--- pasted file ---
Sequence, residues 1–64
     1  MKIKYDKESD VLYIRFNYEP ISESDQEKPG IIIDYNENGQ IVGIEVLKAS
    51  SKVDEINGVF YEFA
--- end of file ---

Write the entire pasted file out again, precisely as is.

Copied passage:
Sequence, residues 1–64
     1  MKIKYDKESD VLYIRFNYEP ISESDQEKPG IIIDYNENGQ IVGIEVLKAS
    51  SKVDEINGVF YEFA